With all of these, I’m really curious to see if there are patterns of focus and energy that shift over these periods, or things like my writing wordcount, or other things of the kind. Plus the sleep I’ve already mentioned!
Revisions to activity and ritual sheets
This year I’ve set it up so that physical activity and writing get automatically added to the totals, rather than the somewhat erratic inclusion I managed in 2018.
For activity, I have a sheet that tracks activity, sleep, and errands (with selection of options). Last year I was tracking medical appointments in a similar way, and found it helpful to see patterns. Each of these automatically adds a large activity point, plus there’s a calculation for points based on how much physical movement and exercise I did. (One point for exercise greater than 25 minutes, half an additional point over an hour of general movement, and another half point for over 2 hours.) I get points for hitting my targets for amount and quality of sleep, too.
For tasks, I am now separately tracking things done at work vs other tasks (they each get a set of three columns). I have a column to add additional tasks for amount of writing (500 words of writing is half a large task, in terms of points. I normally do 1500-1700 words of writing in an hour of actual time spent writing. Which is not the same as “I am technically writing, but right now I am poking at a forum post or looking something up”).
The activity points from the previous paragraph get added in here. The goal is to get a reasonable total for “How much stuff of all kinds did I do today.” Editing, for the record, gets tracked separately as a task.
My writing sheet is much the same as last year: columns for the major types of projects, so I can see totals by project, plus some space to show me high and low wordcount days, how many days I broke 1000 words, etc. Points for tasks are assigned based on number of words, and that is now all auto-calculated.
For spiritual work, I track my song and Tarot card of the day, and then add points based on what kind of ritual work I did, so I can see how that balances out over time.
In this case, I assign points based on length and duration: a short ritual (like the weekly series I’m doing) is 1 point, a more involved ritual might be 2 or 3, a standard class with my witchy students is 1 point (but prepping the class notes and sending out the post-class notes are both other tasks, tracked on the task sheet. An hour working on study at home is 1 point, etc. This allows me to accommodate stuff that’s more magically or energetically involved, while having a default that’s fairly low-key.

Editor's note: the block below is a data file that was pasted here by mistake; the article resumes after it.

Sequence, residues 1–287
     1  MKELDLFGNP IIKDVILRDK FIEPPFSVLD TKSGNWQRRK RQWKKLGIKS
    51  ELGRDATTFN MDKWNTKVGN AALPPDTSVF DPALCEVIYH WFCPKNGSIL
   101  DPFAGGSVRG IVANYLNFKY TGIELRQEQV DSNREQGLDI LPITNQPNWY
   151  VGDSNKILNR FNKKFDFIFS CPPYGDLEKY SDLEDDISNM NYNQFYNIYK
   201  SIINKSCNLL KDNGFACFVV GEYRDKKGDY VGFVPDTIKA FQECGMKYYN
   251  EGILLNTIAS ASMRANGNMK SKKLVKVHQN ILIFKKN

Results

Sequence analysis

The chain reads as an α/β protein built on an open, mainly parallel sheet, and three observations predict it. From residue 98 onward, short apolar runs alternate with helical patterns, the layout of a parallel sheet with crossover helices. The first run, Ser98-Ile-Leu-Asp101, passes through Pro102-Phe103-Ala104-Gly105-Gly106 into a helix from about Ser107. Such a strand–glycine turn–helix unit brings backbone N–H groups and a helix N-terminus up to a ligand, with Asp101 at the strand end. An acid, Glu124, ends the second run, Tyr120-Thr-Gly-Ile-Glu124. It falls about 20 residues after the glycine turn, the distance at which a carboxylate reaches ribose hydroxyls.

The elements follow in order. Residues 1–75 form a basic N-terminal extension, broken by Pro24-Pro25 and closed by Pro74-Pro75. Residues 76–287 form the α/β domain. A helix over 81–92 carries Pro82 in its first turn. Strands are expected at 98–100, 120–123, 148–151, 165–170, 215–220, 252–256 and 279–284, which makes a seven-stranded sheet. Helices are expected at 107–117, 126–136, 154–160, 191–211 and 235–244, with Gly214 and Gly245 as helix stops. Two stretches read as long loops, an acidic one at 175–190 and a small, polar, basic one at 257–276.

Then I have logs for writing (what did I write, how many words on that), a reading log (what did I read when, and the genre, and format), and a ritual log (a brief note of what I did when, and any notes about it). More formal ritual notes go elsewhere, this is just so I have an easy record of timing/exertion.
The next sheets are my long and short cycle statistics (already described).
Finally, I have a page of statistics, that will tell me how many times I have pulled particular Tarot cards (both by card and by group – so I can see how many of each suit, how many aces, as well), songs, read different genres, and so forth. I use the lists there to create data validation for different fields (so typos don’t mess up my statistics.)
This all seems a little ridiculous, but I really do find the data helpful to me in managing long-term chronic health things, noticing drops in what I’m getting done before they start to be a significant problem, and in balancing out what I’m doing.
One really good question is how long it takes me to enter things.
- Sleep and exercise I track on apps, and I enter the data somewhere between daily and every four to five days. Basically when I am at a computer with web access and have five minutes I don’t want to do something else with.
- I log writing and ritual as I go, because otherwise I forget the details and they’re a pain to reconstruct later.
- I track most tasks in a to-do app (ToDoist) and add them up every couple of days. This is the one I’d like to work on better habits for, because doing a batch of four or five days gets tedious. The actual counting doesn’t take very much time at all, because it’s usually obvious to me what I’m doing. Doing this also forces me to keep better stats for what I’m doing for work (and as a librarian, having stats makes it easier to talk to my boss about my workload and capacity for other projects.)
Setting up the sheet has been done in bits and pieces over the last couple of weeks. I usually set something up, test it, and this year I’ve done a bunch of sample data to figure out how to recalibrate the point system that measures the overall nature of the day, basing my lowest range on the bare minimum points for a day, and adjusting it proportionately.
I should finish by noting the points are fairly arbitrary (they’re designed to be roughly equal chunks depending on area of life: body and activity (i.e. sleep and movement), perceived state of being, tasks, with a few extras around the edges for other things. What I mostly want to do is to be able to compare good days to not so good days, and have a general sense of how many not-so-good days I have.
(In 2017, when I started doing this, about one day in five came out as a not so good day. That is really tremendously helpful data for adjusting medical treatments, and for being able to plan ahead. Planning for one day in five to be sort of lousy means I should adjust my expectations on how much I get done.)